If a tree falls in the forest, does it make a sound? Opinions are split on this weighty philosophical matter, but a more-definitive answer to another question may surprise you.
If a search for a missing participant is not properly documented, is it a diligent search? To regulatory authorities who may scrutinize a plan sponsor’s search efforts, the answer is decidedly “no.” For a regulator to consider a search to be diligent, it must be well-documented, and to do otherwise can result in audits, penalties and increased fiduciary risk.
Here are five tips for plan sponsors to better document their missing participant search efforts.
Typical drivers of missing participant searches include:
- A terminated participant’s account has no recent activity
- A stale address or returned mail
- An uncashed distribution check
- A pending required minimum distribution (RMD)
- Advanced age or other question of life status
- A plan termination, where required mailings generate returned mail or unresponsive participants
Clearly documenting the reason(s) prior to conducting searches is important to show that a sponsor has adequate situational awareness guiding their subsequent search activities. It also helps categorize missing participants so that an appropriate search methodology can be applied.
- Searching internal records or publicly available information for alternative contact information.
- Utilizing a credit reporting service
- Engaging a commercial search provider for:
- Electronic, or e-searches
- Follow-on, intensive searches using additional search tools
- Ongoing monitoring of life status
- Conducting personal outreach to locate participants or their beneficiaries (ex. – email, phone, or social media) and/or the use of USPS Certified Mail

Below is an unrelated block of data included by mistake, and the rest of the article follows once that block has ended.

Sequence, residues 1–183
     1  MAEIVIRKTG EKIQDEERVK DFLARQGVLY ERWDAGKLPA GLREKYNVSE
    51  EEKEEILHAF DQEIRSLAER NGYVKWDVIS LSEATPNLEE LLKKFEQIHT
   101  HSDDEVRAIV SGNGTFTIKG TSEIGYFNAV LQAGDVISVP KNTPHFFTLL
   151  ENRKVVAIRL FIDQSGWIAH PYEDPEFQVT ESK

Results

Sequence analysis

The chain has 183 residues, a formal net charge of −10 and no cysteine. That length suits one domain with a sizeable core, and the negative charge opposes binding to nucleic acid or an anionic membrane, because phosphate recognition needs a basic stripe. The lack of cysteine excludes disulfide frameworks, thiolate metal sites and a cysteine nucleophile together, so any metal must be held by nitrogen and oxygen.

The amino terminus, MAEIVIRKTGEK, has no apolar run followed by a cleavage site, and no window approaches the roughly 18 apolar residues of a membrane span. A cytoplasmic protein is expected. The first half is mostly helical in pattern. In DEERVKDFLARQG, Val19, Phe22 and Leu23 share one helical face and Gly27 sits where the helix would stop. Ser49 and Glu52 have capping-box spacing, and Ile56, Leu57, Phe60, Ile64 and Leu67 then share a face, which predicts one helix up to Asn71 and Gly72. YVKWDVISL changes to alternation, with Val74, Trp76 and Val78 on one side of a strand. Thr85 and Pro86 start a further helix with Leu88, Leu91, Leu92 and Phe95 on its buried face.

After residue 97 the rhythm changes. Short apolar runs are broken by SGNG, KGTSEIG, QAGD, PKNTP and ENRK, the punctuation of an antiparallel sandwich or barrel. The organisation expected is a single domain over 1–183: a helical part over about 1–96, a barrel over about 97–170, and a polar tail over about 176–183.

For example, a plan sponsor may have participants whose mail is being returned as undeliverable. For these participants, they may employ low-cost but reasonably effective electronic searches. At the higher end of the urgency scale, when participants are due but are not taking RMDs, the plan sponsor will likely employ more intensive searches.
Search results should document:
- Current participant data on file when the search was initiated
- Search timeframe
- All data fields returned from the search
- An interpretation of the data that was returned, including:
- No data returned
- Data is obtained, but is the same as current data on file
- Data is obtained, but differs from current data on file
- Participant data is positively verified by the actual participant, a surviving family member or their beneficiary
These outcomes can be translated into unique “result codes” that are vital to determining if additional search activity is indicated, or if updates can be applied to participant plan data. If you utilize a commercial search service, ensure that they will provide an output report with all resulting data, including clear and concise result codes for each search they performed.
As with any important documentation that may be subject to a third-party audit, search information should be kept up to date, should be thorough, and be accurate. It should also be stored in a secure location, accessible only to authorized individuals.
If an audit takes place, and the plan sponsor has engaged a commercial search provider, providing the auditor with a complete, detailed description of the provider’s search process is very useful. In situations where participants should be receiving benefits, but are otherwise still deemed missing, having the commercial search provider issue an audit letter attesting to the search steps that they undertook can be extremely helpful.